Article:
Jesse Butts:

All right. So as we, we kind of trace the roots of all this, I'm curious, as you were wrapping up undergrad, why did you initially want to go to grad school? What was, what was the appeal? What was the draw?

Joe Pulizzi:

Wow, this is... Yeah. Okay. So bear with me, bear with me on this one a little bit. Undergrad was Bowling Green State University. I was a communications, interpersonal communications undergrad. It took me three years to actually figure out a major. And the only reason I picked interpersonal communications was I went to my counselor. I was undecided going into my junior year and my, uh, the, the counselor said, Joe, You, you have to pick something. And I said, Okay, well what, what do I pick so that I actually graduate on time? And she said, Well you can't now. I mean, you have to take some summer classes or something to graduate on time. Cause you didn't pick anything. And I was like, Okay I said, Well, what's the shortest amount of time. And she said, Well if you take some summer classes, you can do interpersonal communications. I said, Great, that's my major. So I picked that one. I go ahead. I got my interpersonal communications degree and I was very interested in sports marketing. So I graduated. I got an internship with the Cleveland Cavaliers for sports marketing. And then I found out that basically all the money goes players. And the people that work at a sports organization get paid very, very little for a lot of time. And I'm like, I don't know if I want to do that. So I'm working at the Cavs and I'm like, Well what do I do? Like, I don't know if I want to go into this. Whatever. And I said, Well let's, let's keep going. Let's keep going on to graduate. And I applied at Michigan State, Kentucky and, and Penn State University for their communications program. And what was really great, I found out about Penn State is they had a teaching assistantship. And I was really interested in public speaking at the time. They said, We have a, an assistantship here. You have to teach as part of that public speaking, are you interested? And I was lucky enough, somebody dropped a, so I did this. This was very late in the process. So I applied and somebody at, in the Penn state program dropped out. And I got a call literally two weeks before we were supposed to go on campus...this, so this is the fall of 97. And they said, Joe, we got an opening, do you want it? And I said, Yes, absolutely! Because I didn't know what I was going to do. So I fell into that one. Went down, found like the last place on campus to live or just off campus to live. And, and started working. Doing, doing the teaching and r eally got into rhetoric and persuasion and communications. And I really did fall in love with it. So it's funny how I was, I didn't know what I wanted to do, but once I started to get into communication, of course, I enjoy talking to people and I like this, the salesmanship side of it as well. So it got into that and, you know, two years at Penn State and I was lucky enough to get my master's in communication there. So who knew?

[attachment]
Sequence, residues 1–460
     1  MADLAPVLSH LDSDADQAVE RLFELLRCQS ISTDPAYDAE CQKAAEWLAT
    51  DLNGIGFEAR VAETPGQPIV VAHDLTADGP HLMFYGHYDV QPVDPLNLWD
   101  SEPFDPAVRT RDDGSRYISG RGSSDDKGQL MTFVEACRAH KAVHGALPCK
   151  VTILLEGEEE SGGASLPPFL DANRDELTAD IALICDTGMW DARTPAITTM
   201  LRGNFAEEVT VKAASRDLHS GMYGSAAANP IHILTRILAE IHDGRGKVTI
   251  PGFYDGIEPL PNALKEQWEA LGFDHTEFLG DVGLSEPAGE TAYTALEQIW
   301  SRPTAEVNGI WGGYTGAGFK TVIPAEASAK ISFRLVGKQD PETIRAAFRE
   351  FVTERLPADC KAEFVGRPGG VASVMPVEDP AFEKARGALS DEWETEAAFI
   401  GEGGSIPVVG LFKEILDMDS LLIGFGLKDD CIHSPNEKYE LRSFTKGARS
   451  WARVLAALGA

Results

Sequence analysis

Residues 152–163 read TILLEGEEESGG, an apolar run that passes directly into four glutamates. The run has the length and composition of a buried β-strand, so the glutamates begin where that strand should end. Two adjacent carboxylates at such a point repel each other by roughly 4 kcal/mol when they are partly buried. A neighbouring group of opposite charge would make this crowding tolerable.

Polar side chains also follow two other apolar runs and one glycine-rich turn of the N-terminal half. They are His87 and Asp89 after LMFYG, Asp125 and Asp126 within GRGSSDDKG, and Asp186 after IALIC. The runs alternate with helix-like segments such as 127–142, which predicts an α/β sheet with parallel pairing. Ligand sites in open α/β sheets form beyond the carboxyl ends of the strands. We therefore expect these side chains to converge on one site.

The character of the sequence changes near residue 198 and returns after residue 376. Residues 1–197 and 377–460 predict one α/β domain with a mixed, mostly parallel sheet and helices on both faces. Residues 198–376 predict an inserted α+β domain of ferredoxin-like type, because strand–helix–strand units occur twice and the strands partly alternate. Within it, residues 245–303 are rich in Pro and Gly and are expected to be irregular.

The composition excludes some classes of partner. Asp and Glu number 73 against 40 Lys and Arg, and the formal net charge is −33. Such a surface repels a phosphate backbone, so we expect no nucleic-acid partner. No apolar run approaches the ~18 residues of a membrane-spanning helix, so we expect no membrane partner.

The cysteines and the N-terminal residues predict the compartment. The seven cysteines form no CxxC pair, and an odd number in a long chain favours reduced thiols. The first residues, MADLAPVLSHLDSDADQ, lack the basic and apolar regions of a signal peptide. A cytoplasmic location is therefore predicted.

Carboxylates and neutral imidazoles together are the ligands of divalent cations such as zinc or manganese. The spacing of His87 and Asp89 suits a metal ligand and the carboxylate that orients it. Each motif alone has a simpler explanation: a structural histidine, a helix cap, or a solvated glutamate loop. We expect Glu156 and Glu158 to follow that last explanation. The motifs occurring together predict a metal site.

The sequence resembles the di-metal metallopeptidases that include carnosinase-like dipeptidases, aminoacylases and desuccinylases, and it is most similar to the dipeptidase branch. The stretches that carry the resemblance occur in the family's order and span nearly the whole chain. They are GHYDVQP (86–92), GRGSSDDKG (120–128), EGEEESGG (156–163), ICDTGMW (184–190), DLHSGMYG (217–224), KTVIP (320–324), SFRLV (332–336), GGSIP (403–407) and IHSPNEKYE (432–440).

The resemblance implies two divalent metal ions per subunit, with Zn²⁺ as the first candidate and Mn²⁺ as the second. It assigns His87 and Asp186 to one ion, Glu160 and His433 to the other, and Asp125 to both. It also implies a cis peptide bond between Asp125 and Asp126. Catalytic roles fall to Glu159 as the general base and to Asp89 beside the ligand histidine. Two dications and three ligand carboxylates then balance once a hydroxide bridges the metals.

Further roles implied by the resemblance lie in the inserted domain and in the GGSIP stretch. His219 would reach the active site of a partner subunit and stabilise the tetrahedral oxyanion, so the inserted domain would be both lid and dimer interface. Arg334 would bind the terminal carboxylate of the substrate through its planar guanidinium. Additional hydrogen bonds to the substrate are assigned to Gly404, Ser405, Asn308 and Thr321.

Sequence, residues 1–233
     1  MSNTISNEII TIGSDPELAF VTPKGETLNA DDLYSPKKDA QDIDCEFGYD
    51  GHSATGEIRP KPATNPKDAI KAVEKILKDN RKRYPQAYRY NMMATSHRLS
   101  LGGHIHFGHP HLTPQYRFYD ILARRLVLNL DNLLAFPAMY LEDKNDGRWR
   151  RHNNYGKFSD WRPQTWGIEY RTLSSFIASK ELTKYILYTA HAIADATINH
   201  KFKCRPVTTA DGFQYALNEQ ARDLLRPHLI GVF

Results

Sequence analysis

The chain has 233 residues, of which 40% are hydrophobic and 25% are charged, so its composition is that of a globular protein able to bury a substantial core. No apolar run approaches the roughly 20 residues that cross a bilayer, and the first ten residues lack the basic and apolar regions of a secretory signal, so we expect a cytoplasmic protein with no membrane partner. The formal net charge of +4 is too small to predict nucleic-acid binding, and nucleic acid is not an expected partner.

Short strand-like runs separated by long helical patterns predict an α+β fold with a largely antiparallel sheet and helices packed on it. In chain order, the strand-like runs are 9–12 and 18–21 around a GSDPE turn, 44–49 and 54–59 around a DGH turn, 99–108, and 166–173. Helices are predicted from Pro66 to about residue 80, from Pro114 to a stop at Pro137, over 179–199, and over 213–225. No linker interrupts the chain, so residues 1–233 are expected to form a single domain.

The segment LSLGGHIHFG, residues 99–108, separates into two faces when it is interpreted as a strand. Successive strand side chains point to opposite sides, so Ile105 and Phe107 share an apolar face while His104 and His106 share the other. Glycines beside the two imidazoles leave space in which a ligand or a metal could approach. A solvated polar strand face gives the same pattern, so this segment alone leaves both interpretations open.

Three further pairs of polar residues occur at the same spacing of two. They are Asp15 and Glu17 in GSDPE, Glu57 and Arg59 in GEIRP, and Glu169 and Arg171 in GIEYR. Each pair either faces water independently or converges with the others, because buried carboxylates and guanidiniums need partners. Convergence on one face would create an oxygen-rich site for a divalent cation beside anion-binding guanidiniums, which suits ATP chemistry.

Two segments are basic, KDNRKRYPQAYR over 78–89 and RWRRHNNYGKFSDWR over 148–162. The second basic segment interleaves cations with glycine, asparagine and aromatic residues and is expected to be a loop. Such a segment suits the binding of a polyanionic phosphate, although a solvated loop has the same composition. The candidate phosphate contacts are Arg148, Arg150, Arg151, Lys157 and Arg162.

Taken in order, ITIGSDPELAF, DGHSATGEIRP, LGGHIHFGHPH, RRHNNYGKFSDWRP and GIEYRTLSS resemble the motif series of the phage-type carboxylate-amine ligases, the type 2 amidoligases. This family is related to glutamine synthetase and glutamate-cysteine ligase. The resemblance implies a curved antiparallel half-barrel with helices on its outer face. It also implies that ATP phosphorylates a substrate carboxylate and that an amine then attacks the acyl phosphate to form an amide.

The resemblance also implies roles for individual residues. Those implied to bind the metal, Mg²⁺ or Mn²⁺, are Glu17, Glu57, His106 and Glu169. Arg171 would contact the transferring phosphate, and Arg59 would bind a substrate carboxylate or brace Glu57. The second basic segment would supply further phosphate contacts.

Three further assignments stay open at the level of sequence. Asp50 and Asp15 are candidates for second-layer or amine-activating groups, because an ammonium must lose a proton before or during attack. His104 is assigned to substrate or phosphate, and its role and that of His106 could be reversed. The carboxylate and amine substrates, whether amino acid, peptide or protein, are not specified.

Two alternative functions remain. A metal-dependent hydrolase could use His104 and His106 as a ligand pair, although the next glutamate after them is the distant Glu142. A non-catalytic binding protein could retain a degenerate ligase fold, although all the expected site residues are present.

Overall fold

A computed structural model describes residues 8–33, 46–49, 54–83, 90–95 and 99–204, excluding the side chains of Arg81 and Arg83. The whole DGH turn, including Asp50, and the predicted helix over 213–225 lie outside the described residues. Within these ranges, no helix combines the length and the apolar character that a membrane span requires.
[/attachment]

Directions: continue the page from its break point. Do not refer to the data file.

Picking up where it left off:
Jesse Butts:

So I know, I mean, from my peripheral experience communications, right, degrees, you can, you can kind of go different routes. Like some people do a lot of media analysis and, and things like that. Other people are steeped in all those Greek terms that I once knew, like antimetabolite, that are now slipping from my vocabulary. What was your, what was your focus of study? What were you really getting into at that point?

Joe Pulizzi: